Instead of labelling these stories as false/deviated/incomplete modernity, here we want to gather together critical interrogations of stories as such to advance our reflections on the present. After recognising these stories as symptoms of the hegemony of modernity, it is more critical to explore how the experiences of modernity are being shaped by local-historical conditions and politico-economic relations. Lowenthal (1985) once illustrates that “the past is a foreign country” since “they do things differently there.” We want to move a step further and interrogate if the present is a “foreign country” as well, where different conducts of “historical others” could be conceptualised as co-existing spatial differences rather than temporal sequences, and where the questioning of historical time could be contextualised in multiple and dynamic spatial practices.

The key question we want to put forward in this session is: how and how far has modernity been performed and enacted through diverse spatial practices in daily life, and how can we learn to be “modern” from the perspectives of “historical others”? All contributions related to the two keywords (modernity and urban space) are welcome; and we are especially looking forward to empirical illustrations on how to inhabit the hegemony of modernity spatially – and hence differently.

 

Session 1: Debating authenticity

Session chair: Yimin Zhao (The London School of Economics and Political Science, UK)

Session authors, presenters and titles:

1. Learning from Chinese copying culture: Borrowed or reinvented modernity?, Boya Guo (Harvard University, USA) (presenter)
2. ‘Urban utopia’ in modern China: from Haussmann’s Paris to Southern Song imperial town — A case study of Hangzhou, Yang Song (King’s College London, UK) (presenter)
3. 1933 Millfun Shanghai: from slaughterhouse to creative park, Shu-Yi Chiu (Goldsmiths, University of London, UK) (presenter), Wen-I Lin (National Taipei University, Taiwan), Justin Spinney (Cardiff University, UK)
4. Entanglements of ‘heritageisation’ and ‘modernisation’ in urban space, Chiara Valli (Gothenburg University, Sweden) (presenter)

 

Session 2: Interrogating modernity

Session chair: Boya Guo (Harvard University, USA)

Session authors, presenters and titles:

1. The Myth of the Communist Mansion, Wanli Mo (Tongji University, PR China) (presenter)
2. Peddling modernity: Territorial stigmatisation and land business in Beijing’s green belts, Yimin Zhao (The London School of Economics and Political Science, UK) (presenter)
3. Shuttling Between Heterogeneous Spaces: Two (Art) Projects in China, Xiaoyi Nie (Royal College of Art, UK) (presenter)
4. Conservation and Democracy: The aspirations and politics of the built environment, Javier Ors Ausin (World Monuments Fund) (presenter)
5. Discussion

 

References

  • Chakrabarty, Dipesh. 2000. Provincializing Europe: Postcolonial thought and historical difference. Princeton, NJ: Princeton University Press.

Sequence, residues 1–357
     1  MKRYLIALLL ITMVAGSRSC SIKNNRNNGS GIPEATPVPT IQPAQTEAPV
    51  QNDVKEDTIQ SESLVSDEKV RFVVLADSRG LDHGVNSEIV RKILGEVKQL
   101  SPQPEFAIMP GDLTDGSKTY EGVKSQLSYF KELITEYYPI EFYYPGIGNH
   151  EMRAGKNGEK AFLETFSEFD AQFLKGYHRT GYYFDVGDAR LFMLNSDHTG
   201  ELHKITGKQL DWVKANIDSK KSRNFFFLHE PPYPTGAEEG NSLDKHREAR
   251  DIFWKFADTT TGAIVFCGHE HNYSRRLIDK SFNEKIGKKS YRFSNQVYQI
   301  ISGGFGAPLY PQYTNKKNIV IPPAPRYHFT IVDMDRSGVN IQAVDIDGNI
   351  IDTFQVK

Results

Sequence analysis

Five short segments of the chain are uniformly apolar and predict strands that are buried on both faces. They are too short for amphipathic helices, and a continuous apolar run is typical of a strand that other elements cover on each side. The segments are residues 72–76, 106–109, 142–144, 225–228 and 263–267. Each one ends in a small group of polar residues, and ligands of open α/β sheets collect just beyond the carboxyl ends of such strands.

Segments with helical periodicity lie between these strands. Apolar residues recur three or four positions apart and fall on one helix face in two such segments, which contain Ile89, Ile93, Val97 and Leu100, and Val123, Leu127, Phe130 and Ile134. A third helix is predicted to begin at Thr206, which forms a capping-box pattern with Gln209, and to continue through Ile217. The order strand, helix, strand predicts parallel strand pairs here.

• Koch, Natalie. 2012. “Urban ‘utopias’: the Disney stigma and discourses of ‘false modernity’.” Environment and Planning A 44 (10):2445-2462.
  • Lowenthal, David. 1985. The past is a foreign country. Cambridge: Cambridge University Press.
  • Massey, Doreen. 1999. “Spaces of politics.” In Human Geography today, edited by Doreen Massey, John Allen and Philip Sarre, 279-294. Cambridge: Polity Press.
  • Robinson, Jennifer. 2006. Ordinary cities: Between modernity and development. London and New York: Routledge.
  • Scott, David. 2012. “The Traditions of Historical Others.” Symposia on Gender, Race, and Philosophy 8 (1):1-8.
  • Sewell Jr, William H. 1996. “Three temporalities: Toward an eventful sociology” in The historic turn in the human sciences, edited by Terrence McDonald, 245-80. Ann Arbor, MI: University of Michigan Press.
  • Wu, Fulong. 2010. “Gated and packaged suburbia: Packaging and branding Chinese suburban residential development.” Cities no. 27 (5):385-396.
  • Zhou, Hao. (Director). 2015. The Chinese mayor [Documentary Film]. London: BBC.

 

CFP RGS-IBG 2018: Is the present a “foreign country”?

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Is the present a “foreign country”? Modernity and urban space in comparative perspective

RGS-IBG 2018 Annual Conference: Cardiff, UK, 28 to 31 August 2018

Organisers: Yimin Zhao (Department of Geography and Environment, London School of Economics and Political Science); Boya Guo (Graduate School of Design, Harvard University)

Discussants: TBC

 

The hegemony of modernity has been rooted in a teleological temporality for centuries, where a linear time is upheld, exhausting the possibilities of our living experience as well as our envisioning of the future (Sewell 1996). Postcolonial critiques of historicism have been inviting us to “provincialise Europe” and its universal history (Chakrabarty 2000), aiming to unlearn the taken-for-granted privileges of Eurocentric traditions and at the same time learn from the “historical others” (Scott 2012). This dialectical process of learning and unlearning questions the nature of modernity and requires us to conceive different ways to acknowledge co-existing multiplicities.